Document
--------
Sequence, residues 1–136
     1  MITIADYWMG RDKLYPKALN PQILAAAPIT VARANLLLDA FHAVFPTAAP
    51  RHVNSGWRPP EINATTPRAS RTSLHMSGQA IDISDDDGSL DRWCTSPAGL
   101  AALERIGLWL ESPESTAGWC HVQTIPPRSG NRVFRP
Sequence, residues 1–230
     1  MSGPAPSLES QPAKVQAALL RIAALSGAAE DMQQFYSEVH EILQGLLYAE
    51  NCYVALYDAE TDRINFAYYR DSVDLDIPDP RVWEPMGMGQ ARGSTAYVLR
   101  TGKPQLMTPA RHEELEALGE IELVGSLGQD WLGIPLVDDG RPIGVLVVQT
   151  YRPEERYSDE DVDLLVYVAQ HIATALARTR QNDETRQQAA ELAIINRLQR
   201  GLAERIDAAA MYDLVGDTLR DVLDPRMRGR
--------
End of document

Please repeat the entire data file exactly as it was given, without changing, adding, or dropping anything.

Sequence, residues 1–136
     1  MITIADYWMG RDKLYPKALN PQILAAAPIT VARANLLLDA FHAVFPTAAP
    51  RHVNSGWRPP EINATTPRAS RTSLHMSGQA IDISDDDGSL DRWCTSPAGL
   101  AALERIGLWL ESPESTAGWC HVQTIPPRSG NRVFRP
Sequence, residues 1–230
     1  MSGPAPSLES QPAKVQAALL RIAALSGAAE DMQQFYSEVH EILQGLLYAE
    51  NCYVALYDAE TDRINFAYYR DSVDLDIPDP RVWEPMGMGQ ARGSTAYVLR
   101  TGKPQLMTPA RHEELEALGE IELVGSLGQD WLGIPLVDDG RPIGVLVVQT
   151  YRPEERYSDE DVDLLVYVAQ HIATALARTR QNDETRQQAA ELAIINRLQR
   201  GLAERIDAAA MYDLVGDTLR DVLDPRMRGR